Much of the discussion focussed on anticipated disruptive transitions in hardware architectures. Whereas in the past, modellers have relied on faster and faster processors to deliver new computing capacity, this is coming to an end. Advances in clock speed have tailed off, and now its  massive parallelization that delivers the additional computing power. Unfortunately, this means the brute force approach of scaling up current GCM numerical methods on a uniform grid is a dead-end.

    As Bryan Lawrence pointed out, there’s a paradigm change here: computers no longer compute, they produce data. We’re entering an era where CPU time is essentially free, and it’s data wrangling that forms the bottleneck. Massive parallelization of climate models is hard because of the volume of data that must be passed around the system. We can anticipated 1-100 exabyte scale datasets (i.e. this is the size not of the archive, but of the data from a single run of an ensemble). It’s unlikely than any institution will have the ability to evolve their existing codes into this reality.

    The massive parallelization and data volumes also bring another problem. In the past, climate modellers have regarded bit-level reproducibility of climate runs to be crucial, partly because reproducing a run exactly is considered good scientific practice, and partly because it allows many kinds of model test to be automated. The problem is, at the scales we’re talking about, exact bit reproducibility is getting hard to maintain. When we scale up to millions of processors, and terabyte data sets, bit-level failures are frequent enough that exact reproducibility can no longer be guaranteed – if a single bit is corrupted during a model run, it may not matter for the climatology of the run, but it will mean exact reproducibility is impossible. Add to this the fact that in the future, CPUs are likely to be less deterministic, then, as Tim Palmer argued at the AGU meeting, we’ll be forced to fundamentally change our codes, and therefore, maybe we should take the opportunity to make the models probabilistic.

    One recommendation that came out of our discussions is to consider a two track approach for the software. Now that most modeling centres have finished their runs for the current IPCC assessment (AR5), we should plan to evolve current codes towards the next IPCC assessment (AR6), while starting now on developing entirely new software for AR7. The new codes will address i/o issues, new solvers, etc.

    One of the questions the committee posed to the workshop was the potential for hardware-software co-design. The general consensus was that it’s not possible in current funding climate. But even if the funding was available, it’s not clear this is desirable, as the software has much longer useful life than any hardware. Designing for specific hardware instantiations tends to bring major liabilities, and (as my own studies have indicated) there seems to be an inverse correlation between availability of dedicated computing resources and robustness/portability of the software. Things change in climate models all the time, and we need the flexibility to change algorithms, refactor software, etc. This means FPGAs might be a better solution. Dark silicon might push us in this direction anyway.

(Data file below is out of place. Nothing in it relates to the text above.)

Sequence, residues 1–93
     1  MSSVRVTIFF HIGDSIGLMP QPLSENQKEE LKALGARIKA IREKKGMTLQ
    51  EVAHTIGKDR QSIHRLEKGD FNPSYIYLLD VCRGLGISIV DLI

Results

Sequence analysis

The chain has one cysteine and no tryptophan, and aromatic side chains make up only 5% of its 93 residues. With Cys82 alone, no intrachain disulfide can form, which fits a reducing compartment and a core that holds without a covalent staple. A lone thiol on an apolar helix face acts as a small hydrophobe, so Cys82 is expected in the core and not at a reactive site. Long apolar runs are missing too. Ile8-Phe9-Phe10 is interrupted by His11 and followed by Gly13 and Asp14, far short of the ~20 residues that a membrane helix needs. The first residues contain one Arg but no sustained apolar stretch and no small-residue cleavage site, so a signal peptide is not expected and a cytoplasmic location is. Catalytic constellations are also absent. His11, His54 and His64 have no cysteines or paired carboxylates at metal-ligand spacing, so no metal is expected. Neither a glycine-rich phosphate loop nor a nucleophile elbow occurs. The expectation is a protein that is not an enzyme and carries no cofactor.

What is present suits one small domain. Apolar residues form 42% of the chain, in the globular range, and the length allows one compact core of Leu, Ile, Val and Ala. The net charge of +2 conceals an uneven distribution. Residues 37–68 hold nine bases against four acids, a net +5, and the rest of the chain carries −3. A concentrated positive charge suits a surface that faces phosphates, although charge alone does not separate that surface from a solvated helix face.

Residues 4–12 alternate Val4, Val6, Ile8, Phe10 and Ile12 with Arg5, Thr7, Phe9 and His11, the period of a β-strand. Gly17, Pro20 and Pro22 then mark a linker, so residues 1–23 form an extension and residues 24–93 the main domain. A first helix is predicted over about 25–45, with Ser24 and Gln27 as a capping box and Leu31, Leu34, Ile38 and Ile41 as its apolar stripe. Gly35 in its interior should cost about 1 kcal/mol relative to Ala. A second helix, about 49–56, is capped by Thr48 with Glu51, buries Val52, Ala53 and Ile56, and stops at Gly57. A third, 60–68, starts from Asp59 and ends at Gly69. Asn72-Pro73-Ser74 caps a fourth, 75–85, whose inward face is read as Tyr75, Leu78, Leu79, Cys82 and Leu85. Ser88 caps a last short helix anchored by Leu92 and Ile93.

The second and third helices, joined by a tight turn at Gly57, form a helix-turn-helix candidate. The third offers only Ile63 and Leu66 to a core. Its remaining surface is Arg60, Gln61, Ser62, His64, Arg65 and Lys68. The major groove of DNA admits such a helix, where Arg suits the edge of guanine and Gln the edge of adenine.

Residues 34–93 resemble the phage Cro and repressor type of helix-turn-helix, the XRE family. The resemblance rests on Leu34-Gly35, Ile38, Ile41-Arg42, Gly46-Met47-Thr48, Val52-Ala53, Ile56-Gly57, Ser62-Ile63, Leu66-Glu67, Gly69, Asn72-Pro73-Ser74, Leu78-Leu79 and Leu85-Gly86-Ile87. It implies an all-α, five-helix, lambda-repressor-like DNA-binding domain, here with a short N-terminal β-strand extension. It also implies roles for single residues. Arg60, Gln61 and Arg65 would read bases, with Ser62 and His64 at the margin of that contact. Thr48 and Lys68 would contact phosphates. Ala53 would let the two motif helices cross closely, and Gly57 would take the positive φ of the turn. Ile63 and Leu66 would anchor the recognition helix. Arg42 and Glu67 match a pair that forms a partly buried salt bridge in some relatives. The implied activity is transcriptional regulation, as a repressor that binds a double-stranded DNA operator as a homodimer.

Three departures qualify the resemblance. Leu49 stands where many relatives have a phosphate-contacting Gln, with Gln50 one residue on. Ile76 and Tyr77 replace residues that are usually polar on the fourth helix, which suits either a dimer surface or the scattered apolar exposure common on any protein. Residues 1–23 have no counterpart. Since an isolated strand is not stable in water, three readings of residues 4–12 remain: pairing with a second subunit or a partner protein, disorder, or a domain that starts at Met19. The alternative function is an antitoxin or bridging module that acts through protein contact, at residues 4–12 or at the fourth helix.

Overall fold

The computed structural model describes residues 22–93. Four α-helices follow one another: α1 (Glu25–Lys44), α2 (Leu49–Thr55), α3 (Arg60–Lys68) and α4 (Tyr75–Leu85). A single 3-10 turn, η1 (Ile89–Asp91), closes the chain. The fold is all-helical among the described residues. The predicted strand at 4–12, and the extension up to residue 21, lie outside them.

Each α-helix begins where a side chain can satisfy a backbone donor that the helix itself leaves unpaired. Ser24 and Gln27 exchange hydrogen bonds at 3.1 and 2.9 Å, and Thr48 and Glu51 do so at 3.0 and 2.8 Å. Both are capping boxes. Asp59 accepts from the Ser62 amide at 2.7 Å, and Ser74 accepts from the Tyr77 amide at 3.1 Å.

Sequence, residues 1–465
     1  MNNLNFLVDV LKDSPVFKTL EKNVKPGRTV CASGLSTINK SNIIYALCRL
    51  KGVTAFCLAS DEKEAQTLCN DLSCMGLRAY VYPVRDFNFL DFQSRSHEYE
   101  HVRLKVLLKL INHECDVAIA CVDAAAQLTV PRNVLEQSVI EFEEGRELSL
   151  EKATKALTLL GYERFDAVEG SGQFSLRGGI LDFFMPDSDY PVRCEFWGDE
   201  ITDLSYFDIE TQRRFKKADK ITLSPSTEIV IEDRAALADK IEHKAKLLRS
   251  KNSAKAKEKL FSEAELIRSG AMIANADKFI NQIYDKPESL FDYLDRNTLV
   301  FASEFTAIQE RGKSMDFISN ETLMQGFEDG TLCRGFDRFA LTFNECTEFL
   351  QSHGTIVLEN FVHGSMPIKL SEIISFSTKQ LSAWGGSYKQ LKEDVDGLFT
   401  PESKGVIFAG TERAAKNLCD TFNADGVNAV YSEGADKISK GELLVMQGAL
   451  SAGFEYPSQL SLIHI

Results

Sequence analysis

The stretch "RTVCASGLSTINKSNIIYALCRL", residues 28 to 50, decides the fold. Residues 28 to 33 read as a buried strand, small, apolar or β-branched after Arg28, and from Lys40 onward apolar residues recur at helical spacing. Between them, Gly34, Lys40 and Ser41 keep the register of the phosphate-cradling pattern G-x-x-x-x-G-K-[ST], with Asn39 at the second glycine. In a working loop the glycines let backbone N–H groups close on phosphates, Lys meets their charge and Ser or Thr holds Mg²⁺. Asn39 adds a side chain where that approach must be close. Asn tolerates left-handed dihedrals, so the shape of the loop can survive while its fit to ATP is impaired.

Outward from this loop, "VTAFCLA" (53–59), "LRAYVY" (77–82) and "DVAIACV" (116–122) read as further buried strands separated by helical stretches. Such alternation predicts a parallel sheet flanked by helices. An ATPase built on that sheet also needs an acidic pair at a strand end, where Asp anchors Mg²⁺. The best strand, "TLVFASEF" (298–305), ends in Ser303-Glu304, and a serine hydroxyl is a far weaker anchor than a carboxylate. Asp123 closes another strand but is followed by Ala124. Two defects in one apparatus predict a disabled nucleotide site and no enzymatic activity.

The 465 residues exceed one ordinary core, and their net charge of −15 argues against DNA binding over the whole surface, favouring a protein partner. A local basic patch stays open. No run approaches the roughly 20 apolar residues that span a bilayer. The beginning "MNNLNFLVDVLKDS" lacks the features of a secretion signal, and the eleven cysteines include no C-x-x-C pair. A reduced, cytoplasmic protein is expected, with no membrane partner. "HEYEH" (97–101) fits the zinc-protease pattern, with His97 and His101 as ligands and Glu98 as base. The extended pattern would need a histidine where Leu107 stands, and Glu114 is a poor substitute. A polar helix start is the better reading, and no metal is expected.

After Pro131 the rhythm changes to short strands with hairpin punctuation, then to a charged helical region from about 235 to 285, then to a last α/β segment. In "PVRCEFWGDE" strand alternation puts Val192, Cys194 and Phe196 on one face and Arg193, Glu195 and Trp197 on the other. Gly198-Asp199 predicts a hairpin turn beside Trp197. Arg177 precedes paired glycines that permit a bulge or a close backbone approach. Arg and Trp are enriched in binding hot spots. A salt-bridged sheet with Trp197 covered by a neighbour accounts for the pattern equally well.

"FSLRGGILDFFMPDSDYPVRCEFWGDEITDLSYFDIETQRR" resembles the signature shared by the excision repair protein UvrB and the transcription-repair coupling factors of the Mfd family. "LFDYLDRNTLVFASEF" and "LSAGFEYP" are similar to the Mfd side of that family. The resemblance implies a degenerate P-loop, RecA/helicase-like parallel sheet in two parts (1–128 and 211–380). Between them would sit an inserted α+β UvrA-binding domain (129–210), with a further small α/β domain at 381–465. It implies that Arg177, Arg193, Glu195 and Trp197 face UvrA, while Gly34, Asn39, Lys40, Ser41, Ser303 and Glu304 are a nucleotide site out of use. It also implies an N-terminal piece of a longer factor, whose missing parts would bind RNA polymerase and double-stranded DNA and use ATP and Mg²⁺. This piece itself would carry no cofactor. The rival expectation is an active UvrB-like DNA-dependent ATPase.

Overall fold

Software sharing came up as an important topic, although we didn’t talk about this as much as I would have liked. There seems to be a tendency among modelers to assume that making the code available is sufficient. But as Cecelia Deluca pointed out, from the ESMF experience, community feedback and participation is important. Adoption mandates are not constructive – you want people to adopt software because it works better. One of the big problems here is understandability of shared code. The learning curve is getting bigger, and code sharing between labs is really only possible with a lot of personal interaction. We did speculate that auto-generation of code might help here, because it forces the development of higher level language to describe what’s in a climate model.

    For the human resources question, there was a widespread worry that we don’t have the skills and capacity to deal with anticipated disruptive changes in computational resources. There is a shortage of high quality applicants for model development positions, and many disincentives for people to pursue such a career: the long publication cycle, academic snobbery, and the demands of the IPCC all make model development an unattractive career for grad students and early career scientists. We need a different reward system, so that contributions to the model are rewarded.